Type 1 diabetes results from autoimmune destruction of the insulin-producing p-cells of the pancreatic islets. Understanding the pathogenic process, as well as monitoring pre-diabetic individuals or people enrolled in clinical trials, has been hampered by the inability to access the target organ and to evaluate the true status of the autoimmune lesion. During the first 4 years of this program, we developed an imaging technique to visualize the changes associated with insulitis, based on the increased vascular leakage and phagocytic activity in infiltrated islets. These features can be detected by magnetic resonance imaging (MRI), via the local accumulation .of injected paramagnetic nanoparticles (MNP) that normally remain intravascular. Experiments in animal models were followed up by a pilot trial in which the technology to image the human pancreas was improved and was applied to patients with recent-onset diabetes. The trial is still ongoing, but preliminary results show pancreatic nanoparticle accumulation in most patients, comparable with that observed in affected mice. Most suggestively, the exceptions are individuals whose genetic alleles or immune markers make them unlikely to have true autoimmune diabetes. In the proposed work, we will: 1. Completethe optimization of the clinical MR imaging technique. Although the last funding cycle saw striking improvements in the application of MNP-MRI to visualizing pancreatic inflammation in human subjects, additional enhancements await exploration. We will optimize the technique to decrease respiratory artifact, increase spatial resolution and improve quantification through changes in pulse sequences and post- processing, which might also allow reliable measures of pancreatic blood volume. We will focus on protocol standardization, in order to make the technique exportable to other MRI groups for routine use. 2. Monitor the natural history of insulitis during the development of clinical diabetes. We will perform a """"""""natural history"""""""" study, tracking the evolution of pancreatic inflammation in at-risk individuals and in declared patients. These explorations should inform on the state of pancreatic inflammation in pre-diabetic individuals as a function of their risk status and eventual progression to diabetes. In patients with established diabetes, changes in inflammation will be correlated with rate of further p-cell loss. Aside from their mechanistic interest, these studies will lay the foundation for use in predicting disease or monitoring responses to therapy. 3. Image individuals with atypical disease features. Some diabetic patients show a very slow decline in p-cell function (LADA, individuals with very long-term C-peptide preservation). We will attempt to distinguish between a torpid inflammatory process, or an ability to vigorously regenerate p-cells, by imaging groups of such individuals. The ability to visualize and quantitate the degree of islet inflammation in diabetic or at-risk patients should provide important insights into the mechanisms that result in type 1 diabetes. It should also result in the validation of a diagnostic technique that would prove of great value in evaluating the actual risk inpre- diabetic patients, as well as the monitoring in real-time the effect of treatments in Type 1 diabetic patients.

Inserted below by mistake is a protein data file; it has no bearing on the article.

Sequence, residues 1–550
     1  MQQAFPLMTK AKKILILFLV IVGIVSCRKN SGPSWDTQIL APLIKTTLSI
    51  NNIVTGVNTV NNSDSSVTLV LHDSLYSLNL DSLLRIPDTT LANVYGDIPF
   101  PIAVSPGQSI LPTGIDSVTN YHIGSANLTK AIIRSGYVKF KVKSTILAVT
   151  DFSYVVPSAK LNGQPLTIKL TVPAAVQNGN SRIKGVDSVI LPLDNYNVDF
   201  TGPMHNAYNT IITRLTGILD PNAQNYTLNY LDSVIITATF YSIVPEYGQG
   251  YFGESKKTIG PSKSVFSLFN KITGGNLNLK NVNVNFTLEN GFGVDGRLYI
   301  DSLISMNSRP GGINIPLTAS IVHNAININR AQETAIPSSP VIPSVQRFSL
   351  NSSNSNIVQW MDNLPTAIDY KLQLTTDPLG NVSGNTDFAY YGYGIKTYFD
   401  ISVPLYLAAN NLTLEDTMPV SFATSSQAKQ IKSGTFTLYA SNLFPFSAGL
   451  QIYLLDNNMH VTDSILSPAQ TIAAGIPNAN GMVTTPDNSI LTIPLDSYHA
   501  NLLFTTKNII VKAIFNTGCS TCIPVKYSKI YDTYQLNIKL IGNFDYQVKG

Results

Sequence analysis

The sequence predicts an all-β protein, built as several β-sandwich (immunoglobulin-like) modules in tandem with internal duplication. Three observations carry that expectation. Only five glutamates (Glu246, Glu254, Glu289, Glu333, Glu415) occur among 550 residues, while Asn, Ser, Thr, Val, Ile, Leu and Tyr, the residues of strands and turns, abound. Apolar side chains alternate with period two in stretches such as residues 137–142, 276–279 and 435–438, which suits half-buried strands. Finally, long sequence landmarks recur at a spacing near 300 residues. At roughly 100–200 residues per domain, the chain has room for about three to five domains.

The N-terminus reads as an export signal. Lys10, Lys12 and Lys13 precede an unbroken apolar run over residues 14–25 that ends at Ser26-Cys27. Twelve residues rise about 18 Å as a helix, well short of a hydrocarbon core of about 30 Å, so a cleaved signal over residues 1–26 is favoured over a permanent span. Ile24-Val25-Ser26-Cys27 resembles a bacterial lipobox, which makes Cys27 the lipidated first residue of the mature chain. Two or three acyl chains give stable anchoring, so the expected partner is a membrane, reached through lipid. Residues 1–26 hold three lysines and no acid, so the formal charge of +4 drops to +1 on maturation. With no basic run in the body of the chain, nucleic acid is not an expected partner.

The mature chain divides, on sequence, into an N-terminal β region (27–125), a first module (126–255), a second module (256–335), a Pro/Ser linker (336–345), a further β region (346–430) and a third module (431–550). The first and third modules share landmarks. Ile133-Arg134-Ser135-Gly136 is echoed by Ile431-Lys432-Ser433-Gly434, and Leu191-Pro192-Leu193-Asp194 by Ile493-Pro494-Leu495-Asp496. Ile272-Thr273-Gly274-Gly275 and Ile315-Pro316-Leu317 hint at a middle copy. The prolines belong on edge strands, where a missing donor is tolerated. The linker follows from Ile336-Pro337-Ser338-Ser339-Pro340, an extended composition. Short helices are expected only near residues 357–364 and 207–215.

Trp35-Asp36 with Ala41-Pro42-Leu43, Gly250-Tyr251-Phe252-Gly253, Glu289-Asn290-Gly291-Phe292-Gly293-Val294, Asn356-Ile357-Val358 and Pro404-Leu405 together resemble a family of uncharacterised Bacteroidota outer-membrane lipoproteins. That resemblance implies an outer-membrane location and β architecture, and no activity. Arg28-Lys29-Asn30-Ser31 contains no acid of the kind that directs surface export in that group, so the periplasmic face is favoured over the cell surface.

National Institute of Health (NIH)
National Institute of Allergy and Infectious Diseases (NIAID)
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Harvard University
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